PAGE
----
Integrating cultural heritage and fire management on Bribie Island

Kerry Jones (Kabi Kabi First Nation) and Dave Kington (Vegetation Management Services) measuring the girth of a large Swamp Mahogany (Lophostemon suaveolens) in eucalypt woodland on Bribie Island. Photo credit Susie Chapman.

As part of its work within the Moreton Bay Ramsar Wetland (funded by the Australian Government’s National Landcare Program), Healthy Land and Water is working with local Traditional Owners (Kabi Kabi and Joondoburri people), the Queensland Fire and Biodiversity Consortium, Queensland Parks and Wildlife Service, Vegetation Management Services, and Turnstone Archaeology to reconsider the role of fire in the culturally rich landscapes of Bribie Island.

Cultural fire management is not simply burning, but involves cultural practices on Country that protect, maintain, and sustain values across landscapes and vegetation communities. These communities include fire-prone and fire sensitive ecosystems which offer opportunities for landscape management across cultural heritage and ecological concerns. Preserving these values is akin to preserving the very foundations of Indigenous cultural heritage on Bribie Island.

 

Melaleuca quinquenervia wetlands near Lighthouse Reach. Photo credit Paul Donatiu.

 

So, what are some of these landscape elements?

The retention of large remnant Bloodwoods, Blue Gums, Brush Box, Swamp Box, Swamp Mahogany, and Cypress pine in eucalypt woodland is extremely important to Traditional Owners. Their existence in this flammable landscape is evidence of many centuries of cultural management. These trees have (retained) cultural alterations and provide strong cultural connections to Country. For example, Swamp Mahogany (Lophostemon suaveolens) was and remains an important tree for building canoes.  While many of the old growth remnant trees have been killed by wildfire in the past, there are a few areas on the Island where they have survived and protecting these trees from wildfires in the future is critical.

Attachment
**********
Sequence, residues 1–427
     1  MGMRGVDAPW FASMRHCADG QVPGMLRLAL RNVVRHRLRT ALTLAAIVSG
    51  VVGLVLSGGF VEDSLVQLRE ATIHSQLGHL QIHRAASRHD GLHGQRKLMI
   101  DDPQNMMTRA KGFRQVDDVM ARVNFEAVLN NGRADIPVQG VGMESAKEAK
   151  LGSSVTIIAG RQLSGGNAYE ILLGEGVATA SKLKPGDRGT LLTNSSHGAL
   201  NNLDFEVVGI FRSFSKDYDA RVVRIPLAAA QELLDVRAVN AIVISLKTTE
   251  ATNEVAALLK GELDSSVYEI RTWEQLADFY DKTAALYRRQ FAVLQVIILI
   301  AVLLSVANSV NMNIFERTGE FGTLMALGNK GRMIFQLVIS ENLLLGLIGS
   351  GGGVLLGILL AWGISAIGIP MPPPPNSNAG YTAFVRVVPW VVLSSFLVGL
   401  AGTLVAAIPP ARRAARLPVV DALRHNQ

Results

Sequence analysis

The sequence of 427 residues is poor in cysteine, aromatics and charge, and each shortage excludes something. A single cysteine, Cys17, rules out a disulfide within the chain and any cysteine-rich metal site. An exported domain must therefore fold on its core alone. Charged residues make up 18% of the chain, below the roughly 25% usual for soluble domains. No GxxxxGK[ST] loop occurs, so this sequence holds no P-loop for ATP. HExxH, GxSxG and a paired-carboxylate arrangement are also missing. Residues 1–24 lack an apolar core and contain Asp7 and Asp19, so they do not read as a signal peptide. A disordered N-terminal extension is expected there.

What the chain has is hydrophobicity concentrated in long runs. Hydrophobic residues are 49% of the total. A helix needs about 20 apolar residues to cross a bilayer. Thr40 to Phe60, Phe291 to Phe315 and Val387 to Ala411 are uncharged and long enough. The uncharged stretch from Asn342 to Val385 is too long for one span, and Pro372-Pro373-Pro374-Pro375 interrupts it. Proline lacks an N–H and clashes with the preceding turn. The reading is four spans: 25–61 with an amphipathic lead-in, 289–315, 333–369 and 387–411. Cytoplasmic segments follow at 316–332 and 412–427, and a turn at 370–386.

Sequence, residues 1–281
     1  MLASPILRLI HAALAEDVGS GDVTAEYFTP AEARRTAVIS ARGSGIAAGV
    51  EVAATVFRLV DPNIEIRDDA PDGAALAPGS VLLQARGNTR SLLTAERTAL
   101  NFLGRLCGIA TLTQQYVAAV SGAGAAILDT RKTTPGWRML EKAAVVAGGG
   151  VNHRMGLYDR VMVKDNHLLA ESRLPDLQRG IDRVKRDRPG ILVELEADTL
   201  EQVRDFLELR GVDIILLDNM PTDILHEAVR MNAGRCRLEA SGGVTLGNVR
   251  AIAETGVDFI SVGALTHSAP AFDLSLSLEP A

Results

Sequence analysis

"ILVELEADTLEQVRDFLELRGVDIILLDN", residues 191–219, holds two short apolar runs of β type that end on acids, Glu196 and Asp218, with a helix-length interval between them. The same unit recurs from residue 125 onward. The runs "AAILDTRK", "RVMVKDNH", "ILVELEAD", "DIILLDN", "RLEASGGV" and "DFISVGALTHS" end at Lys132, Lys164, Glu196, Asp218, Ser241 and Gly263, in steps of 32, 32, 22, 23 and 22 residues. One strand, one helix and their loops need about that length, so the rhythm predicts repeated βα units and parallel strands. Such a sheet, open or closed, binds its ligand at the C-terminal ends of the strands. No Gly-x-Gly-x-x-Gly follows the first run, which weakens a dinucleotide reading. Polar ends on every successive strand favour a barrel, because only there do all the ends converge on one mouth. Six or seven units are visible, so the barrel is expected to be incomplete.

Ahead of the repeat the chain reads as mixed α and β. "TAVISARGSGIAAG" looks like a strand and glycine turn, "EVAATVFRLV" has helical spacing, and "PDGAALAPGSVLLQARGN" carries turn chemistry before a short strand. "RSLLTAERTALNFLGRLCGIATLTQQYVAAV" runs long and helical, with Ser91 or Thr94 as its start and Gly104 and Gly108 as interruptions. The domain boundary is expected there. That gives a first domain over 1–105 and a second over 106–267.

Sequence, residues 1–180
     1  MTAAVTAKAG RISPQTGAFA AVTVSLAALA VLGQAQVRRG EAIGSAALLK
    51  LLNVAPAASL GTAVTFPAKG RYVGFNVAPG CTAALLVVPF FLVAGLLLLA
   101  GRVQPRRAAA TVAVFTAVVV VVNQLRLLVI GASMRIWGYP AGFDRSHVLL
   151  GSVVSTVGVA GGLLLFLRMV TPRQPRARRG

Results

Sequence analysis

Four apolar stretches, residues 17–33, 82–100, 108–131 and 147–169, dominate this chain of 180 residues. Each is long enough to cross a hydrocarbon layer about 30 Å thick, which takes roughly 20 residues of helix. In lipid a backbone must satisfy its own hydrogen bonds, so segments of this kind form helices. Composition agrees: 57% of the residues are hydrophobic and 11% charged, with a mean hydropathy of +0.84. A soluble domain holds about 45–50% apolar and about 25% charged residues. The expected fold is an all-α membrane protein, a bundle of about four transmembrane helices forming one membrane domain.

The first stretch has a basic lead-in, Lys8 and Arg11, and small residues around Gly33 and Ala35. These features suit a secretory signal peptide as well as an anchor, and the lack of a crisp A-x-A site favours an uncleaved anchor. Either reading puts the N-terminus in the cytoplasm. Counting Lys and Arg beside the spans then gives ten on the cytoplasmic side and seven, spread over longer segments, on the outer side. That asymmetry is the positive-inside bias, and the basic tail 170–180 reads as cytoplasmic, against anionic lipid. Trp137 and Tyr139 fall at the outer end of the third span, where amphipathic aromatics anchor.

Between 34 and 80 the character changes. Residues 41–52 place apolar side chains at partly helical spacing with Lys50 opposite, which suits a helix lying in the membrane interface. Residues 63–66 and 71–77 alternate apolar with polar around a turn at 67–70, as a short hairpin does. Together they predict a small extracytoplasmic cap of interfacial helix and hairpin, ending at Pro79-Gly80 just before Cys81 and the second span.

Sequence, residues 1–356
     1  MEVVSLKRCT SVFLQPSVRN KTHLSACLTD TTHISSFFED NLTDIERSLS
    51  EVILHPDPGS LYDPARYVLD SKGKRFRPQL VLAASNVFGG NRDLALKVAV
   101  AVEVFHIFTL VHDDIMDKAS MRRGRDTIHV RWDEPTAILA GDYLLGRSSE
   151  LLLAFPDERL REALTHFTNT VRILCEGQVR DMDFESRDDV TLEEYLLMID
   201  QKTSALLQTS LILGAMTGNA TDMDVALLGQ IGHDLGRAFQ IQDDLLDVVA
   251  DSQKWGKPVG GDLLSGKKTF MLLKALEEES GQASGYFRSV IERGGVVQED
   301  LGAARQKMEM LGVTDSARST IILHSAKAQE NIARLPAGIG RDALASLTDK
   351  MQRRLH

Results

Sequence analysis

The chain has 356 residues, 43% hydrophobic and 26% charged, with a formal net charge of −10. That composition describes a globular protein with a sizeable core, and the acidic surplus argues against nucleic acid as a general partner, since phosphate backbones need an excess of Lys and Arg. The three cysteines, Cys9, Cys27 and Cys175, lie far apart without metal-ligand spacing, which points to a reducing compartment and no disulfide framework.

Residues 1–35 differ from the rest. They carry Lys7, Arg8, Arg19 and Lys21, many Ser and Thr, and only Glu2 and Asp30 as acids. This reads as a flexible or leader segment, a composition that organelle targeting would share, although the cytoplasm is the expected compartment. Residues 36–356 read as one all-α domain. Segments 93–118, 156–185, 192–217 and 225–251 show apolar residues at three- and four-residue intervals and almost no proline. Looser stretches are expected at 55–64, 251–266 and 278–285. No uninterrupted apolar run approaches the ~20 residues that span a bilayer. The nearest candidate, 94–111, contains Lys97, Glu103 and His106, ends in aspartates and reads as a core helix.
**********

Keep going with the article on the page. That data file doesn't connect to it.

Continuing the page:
Managing fire for cultural heritage outcomes is also beneficial for conserving biodiversity. Intense wildfires produce “whipstick regeneration” with a profusion of thin straggly stems, only a few species present, and virtually no understorey. Cooler burns not only allow the big trees to survive, but enable a rich understorey of grasses, herbs, forbs, and orchids to return.

In this way, Traditional Owners – in consultation with Queensland Parks and Wildlife Service Rangers and Vegetation Management Services – are considering how to manage fire in a way that promotes the cultural heritage-based recovery of eucalypt woodland. Vegetation Management Services is developing a case study for the Lighthouse Reach area to guide future planning. Current thinking is that regular cool burns and targeted manual removal of whip-stick stems will help shift eucalypt woodland with a shrubby understorey to open woodland with a grassy understorey. This will allow for easier passage of wildlife and air movement to reduce mosquito pressure. Additional surveys are needed across many parts of Bribie Island to determine the full extent of cultural heritage elements that need to be preserved from disturbance, such as uncontrolled wildfire.

 

This project is supported by Healthy Land and Water, through funding from the Australian Government’s National Landcare Program.

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